‘Golden opportunity’ to secure future of addiction charity Focus12 with sale of iconic headquarters in Bury St Edmunds
PUBLISHED: 17:32 22 August 2017 | UPDATED: 17:32 22 August 2017
An addiction charity is hoping to secure its future for another 20 years after announcing the sale their iconic premises on Risbygate Street, Bury St Edmunds.
The sale of Focus12 townhouse at 82 Risbygate Street, which with its iconic green door has been their home for 15 years, will clear £250,000 of debt, the majority of which is tied up in the mortgage.
The charity, founded by Chip Sommers 20 years ago, will be left with a significant reserve of funds and the ability to invest in their services.
Chief executive Tony Kimber said: “We are celebrating our 20th anniversary this year and what we want to do is make sure the great work that Chip started 20 years ago is still here in another 20 years.
“The great work that we do is not rooted in the building, it is rooted in the people we have and their dedication to treating addiction.”
He said the planned sale of the three-storey building is a “sensible business decision”, with the house not fit for the purpose they use it for.
“This will make a great home for someone, but it is not a great office and treatment centre,” he said. “It does not make business sense to be servicing a debt on a building we do not need.”
Focus12 currently have three rented properties, including next door to 82 Risbygate Street.
If the sale goes ahead, they hope to refurbish the site next door. They will not purchase a new building.
‘The green door is coming with us’
Business development manager Jamie Blyth, a recovering addict himself, said the townhouse’s iconic green door, which has come to symbolise recovery at Focus12, will be coming with them.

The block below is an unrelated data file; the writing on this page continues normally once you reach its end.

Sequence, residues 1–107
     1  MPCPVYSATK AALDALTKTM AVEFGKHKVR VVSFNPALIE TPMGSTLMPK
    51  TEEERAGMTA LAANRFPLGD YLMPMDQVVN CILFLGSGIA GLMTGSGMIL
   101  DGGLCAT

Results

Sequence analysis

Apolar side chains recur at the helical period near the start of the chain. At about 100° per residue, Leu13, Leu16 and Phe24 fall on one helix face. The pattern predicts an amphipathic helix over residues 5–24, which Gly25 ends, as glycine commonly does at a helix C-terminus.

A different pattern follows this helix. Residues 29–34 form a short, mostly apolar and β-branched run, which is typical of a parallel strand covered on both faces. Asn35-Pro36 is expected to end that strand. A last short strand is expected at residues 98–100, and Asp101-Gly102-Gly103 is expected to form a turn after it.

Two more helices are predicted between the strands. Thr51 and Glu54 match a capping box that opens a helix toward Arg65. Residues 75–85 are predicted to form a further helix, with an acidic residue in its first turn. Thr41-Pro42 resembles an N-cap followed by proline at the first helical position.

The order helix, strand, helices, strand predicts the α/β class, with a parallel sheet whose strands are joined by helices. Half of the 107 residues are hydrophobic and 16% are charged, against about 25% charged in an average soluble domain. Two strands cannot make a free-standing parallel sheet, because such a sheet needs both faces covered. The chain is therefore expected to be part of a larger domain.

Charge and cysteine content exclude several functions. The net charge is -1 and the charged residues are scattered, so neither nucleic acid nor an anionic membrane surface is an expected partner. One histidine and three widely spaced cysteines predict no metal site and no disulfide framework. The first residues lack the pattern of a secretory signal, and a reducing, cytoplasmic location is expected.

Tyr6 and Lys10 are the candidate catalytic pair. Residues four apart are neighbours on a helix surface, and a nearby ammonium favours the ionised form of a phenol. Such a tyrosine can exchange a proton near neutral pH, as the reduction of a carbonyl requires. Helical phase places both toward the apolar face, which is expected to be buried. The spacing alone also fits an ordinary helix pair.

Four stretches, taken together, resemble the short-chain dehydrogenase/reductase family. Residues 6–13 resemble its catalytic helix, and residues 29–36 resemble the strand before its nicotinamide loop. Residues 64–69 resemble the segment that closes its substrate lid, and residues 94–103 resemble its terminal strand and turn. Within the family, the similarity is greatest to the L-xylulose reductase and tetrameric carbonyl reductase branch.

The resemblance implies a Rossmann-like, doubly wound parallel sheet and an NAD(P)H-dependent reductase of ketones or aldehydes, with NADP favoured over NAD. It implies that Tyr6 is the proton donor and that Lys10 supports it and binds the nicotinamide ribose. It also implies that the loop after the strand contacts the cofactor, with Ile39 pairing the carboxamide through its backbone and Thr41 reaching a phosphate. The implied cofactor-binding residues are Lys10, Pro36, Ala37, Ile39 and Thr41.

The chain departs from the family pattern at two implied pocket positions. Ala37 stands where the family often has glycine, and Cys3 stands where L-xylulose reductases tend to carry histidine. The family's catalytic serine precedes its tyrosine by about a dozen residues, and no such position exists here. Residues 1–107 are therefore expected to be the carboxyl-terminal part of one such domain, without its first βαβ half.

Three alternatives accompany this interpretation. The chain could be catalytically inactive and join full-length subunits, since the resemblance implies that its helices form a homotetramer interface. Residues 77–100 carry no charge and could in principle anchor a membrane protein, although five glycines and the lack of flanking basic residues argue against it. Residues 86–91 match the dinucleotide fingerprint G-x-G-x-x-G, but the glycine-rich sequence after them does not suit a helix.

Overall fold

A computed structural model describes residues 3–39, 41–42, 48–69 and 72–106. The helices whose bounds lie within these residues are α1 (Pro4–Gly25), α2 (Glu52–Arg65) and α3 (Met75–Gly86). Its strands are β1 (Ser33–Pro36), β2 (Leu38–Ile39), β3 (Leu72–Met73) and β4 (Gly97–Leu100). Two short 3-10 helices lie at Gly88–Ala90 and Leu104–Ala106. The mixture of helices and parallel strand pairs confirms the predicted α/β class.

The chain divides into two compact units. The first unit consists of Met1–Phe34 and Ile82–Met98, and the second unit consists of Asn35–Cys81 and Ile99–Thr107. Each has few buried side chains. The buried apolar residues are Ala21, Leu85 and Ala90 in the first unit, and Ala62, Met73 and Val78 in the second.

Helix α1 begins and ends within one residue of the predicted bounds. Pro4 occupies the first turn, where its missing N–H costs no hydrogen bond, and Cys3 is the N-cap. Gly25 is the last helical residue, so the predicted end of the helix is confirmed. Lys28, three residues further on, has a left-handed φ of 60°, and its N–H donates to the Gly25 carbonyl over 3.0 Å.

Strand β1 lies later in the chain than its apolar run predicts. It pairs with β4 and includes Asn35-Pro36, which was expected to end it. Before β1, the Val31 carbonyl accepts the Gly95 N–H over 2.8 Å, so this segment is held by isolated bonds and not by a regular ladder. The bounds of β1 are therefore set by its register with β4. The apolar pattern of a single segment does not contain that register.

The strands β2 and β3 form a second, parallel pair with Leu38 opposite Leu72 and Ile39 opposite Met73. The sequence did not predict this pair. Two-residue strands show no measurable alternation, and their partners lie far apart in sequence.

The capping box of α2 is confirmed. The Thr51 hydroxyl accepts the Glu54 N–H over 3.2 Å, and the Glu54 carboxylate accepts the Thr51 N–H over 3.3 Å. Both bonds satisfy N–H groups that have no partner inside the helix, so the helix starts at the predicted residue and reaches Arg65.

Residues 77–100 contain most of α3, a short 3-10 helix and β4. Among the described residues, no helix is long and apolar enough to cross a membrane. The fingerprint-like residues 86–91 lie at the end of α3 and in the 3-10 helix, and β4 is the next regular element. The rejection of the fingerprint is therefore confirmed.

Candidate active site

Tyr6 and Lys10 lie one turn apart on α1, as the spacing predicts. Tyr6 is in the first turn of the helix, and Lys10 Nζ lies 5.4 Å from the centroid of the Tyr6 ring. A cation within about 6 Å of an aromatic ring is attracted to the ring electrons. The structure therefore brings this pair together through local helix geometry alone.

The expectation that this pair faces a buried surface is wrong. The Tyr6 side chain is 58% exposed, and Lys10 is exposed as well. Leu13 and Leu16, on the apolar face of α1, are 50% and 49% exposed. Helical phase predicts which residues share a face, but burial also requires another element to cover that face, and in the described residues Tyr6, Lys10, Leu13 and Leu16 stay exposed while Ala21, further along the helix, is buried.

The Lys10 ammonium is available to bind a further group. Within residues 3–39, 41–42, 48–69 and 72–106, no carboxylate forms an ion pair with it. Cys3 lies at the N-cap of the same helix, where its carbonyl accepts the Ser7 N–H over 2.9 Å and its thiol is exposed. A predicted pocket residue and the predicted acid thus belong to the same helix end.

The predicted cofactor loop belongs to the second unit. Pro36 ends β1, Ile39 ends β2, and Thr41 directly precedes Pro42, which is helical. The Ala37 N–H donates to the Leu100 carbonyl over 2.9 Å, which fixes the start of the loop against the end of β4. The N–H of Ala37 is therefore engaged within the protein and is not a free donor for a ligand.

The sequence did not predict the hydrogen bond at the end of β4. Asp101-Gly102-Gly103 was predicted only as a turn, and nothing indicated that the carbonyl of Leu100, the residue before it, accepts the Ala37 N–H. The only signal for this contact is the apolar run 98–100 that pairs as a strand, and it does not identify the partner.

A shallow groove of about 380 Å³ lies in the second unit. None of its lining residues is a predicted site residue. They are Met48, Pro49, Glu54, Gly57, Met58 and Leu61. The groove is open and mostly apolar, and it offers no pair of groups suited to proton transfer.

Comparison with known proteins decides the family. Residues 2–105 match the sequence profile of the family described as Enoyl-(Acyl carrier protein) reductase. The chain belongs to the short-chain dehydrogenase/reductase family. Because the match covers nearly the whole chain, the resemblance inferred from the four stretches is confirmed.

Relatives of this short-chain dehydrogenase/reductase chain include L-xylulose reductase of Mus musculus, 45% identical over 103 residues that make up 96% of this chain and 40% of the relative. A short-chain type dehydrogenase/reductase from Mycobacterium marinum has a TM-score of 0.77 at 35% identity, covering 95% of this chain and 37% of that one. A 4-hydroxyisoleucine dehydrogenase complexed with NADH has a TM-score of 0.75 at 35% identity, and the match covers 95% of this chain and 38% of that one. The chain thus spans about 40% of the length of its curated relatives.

“When I came here to be treated, I had to get up and down three flights of stairs with a broken leg,” he said. “The building does not work for us.
“The green door is staying with us, you can be sure of that, but this is a golden opportunity to put us in a solid financial position.”
The treatment centre, which treats both fee-paying and charity-funded clients, has helped a raft of celebrities in its time, including Amy Winehouse, Russell Brand and Davina McCall.
The sale of their townhouse, which is hoped to fetch in the region of £450,000, will help the charity continue to treat 20% of clients free-of-charge, as charity placements. The charity has treated hundreds of people since it was founded.
Mr Kimber said clearing the debt will also help them raise funds from benefactors and investors. “It means we can be open and honest with them that any money they give to us will help treat people, not pay off debt,” he said.